1. The plaintiff in this case claims from the defendants, who are two of the managers of the Armenian College, a sum of Rs. 1,490 by way, of damages under the circumstances to which I shall presently refer. On the 28th February 1912, the plaintiff was appointed as Mathematical and English Master at the Armenian College for a period of three years from the 1st of March 1912, at a salary of Rs. 159 a month with board and lodging. The agreement, which is contained in a resolution signed by three of the governors or managers of the College on the 5th of March 1912, contains one or two other matters to which I need not refer and it concludes with these words: 'The security to be paid him (that is, a certain sum to be retained from his salary) when the managers dispense with his services which they are entitled to do for insubordination, insobriety, neglect of duties, etc., on one month's notice.' In pursuance, of, that agreement, the plaintiff continued as a teacher at the Armenian College until the month of July of last year. On, the 22nd of July of last year he received verbal notice to terminate his appointment, and on the 25th of July he received, a written notice to terminate his appointment as from the 1st of August. He was offered and paid one month's salary for the month of August, at the rate provided by the agreement, i.e., Rs. 150. He continued to occupy his quarters and received board and lodging until the 24th of August last, without performing any duties of the College and he was tendered and accepted a sum of Rs. 50 in lieu of the loss which he had sustained by losing the board and lodging during the period, one month from the 1st of August. The plaintiff accepted the sums of Rs. 150 and Rs. 50 without prejudice to such rights as he had and which he claims in this suit. The plaintiff's claim of Rs. 1,420 is set forth in detail' in paragraph 16 of the plaint. His claim is for Rs. 1,690, i.e., Rs. 900 on account of salary in lieu of notice from the 1st of August 1916 to the end of January 1917 at the rate of Rs. 150 a month, and Rs. 790 for board and lodging, electric current and attendance from the 1st August 1916 to the end of January 1917 at the rate of Rs. 150 a month, and he gives the defendants credit for the sum of Rs. 200 received under the circumstances which I have already stated, making his total claim for Rs, 1,400, as already stated at the commencement of this judgment. The issues which have been agreed upon between the parties, are as follows: first, what notice is the plaintiff entitled to; secondly, to what damages, if any, is he entitled?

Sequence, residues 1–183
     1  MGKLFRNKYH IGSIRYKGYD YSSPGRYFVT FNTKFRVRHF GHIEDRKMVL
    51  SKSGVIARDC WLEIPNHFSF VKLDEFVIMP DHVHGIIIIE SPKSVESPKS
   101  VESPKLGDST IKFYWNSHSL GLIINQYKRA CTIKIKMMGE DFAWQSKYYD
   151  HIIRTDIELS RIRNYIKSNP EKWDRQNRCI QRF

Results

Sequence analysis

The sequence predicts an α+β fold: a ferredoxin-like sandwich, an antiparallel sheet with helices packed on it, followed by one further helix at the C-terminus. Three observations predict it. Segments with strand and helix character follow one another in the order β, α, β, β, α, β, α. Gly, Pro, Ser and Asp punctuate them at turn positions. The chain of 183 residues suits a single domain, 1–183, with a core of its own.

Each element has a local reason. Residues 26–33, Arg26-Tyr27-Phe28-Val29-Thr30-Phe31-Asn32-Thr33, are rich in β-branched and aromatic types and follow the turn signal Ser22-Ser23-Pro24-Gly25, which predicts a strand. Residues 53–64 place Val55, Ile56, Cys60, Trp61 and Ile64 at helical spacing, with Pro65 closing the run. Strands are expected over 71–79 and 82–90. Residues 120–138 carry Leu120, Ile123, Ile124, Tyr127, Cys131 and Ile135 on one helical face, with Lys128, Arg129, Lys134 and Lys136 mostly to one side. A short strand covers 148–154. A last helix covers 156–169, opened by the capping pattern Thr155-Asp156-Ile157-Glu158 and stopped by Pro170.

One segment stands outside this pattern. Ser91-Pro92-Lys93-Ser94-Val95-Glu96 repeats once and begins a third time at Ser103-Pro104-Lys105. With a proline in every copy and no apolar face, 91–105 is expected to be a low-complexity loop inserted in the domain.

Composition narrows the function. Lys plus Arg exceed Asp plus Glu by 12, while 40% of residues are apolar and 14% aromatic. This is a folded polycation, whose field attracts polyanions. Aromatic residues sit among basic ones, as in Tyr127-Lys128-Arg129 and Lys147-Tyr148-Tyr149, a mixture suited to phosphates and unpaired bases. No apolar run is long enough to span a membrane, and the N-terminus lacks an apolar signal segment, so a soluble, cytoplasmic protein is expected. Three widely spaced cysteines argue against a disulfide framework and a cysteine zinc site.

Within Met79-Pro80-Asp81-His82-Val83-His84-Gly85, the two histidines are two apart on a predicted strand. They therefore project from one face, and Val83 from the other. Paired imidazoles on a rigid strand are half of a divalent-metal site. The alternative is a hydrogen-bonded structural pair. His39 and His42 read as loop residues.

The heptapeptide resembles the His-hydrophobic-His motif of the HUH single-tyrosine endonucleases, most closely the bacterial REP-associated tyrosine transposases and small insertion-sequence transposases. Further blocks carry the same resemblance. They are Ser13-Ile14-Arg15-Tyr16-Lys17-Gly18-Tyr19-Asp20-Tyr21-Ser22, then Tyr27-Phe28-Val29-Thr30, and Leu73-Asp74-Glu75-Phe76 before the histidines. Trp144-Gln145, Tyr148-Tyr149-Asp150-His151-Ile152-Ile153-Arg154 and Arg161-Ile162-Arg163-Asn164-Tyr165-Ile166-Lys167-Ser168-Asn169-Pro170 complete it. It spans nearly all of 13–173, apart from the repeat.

2. The defendants' case shortly put is this, they say that they are not liable to the plaintiff for any sum at all, that they were entitled to give him a month's notice as they did, and pay him a sum of Rs. 150 in respect of salary, and that the sum of Rs. 50, which they have paid him for the loss of board and lodging, compensates him for any loss which he has incurred in that respect, and they sought to show before me that there was a custom or usage in the profession of school-masters, both in Calcutta and in India, establishing that, apart from any definite agreement, the school-master was entitled to give and receive and the school authority was entitled to give and receive one month's notice to terminate the agreement.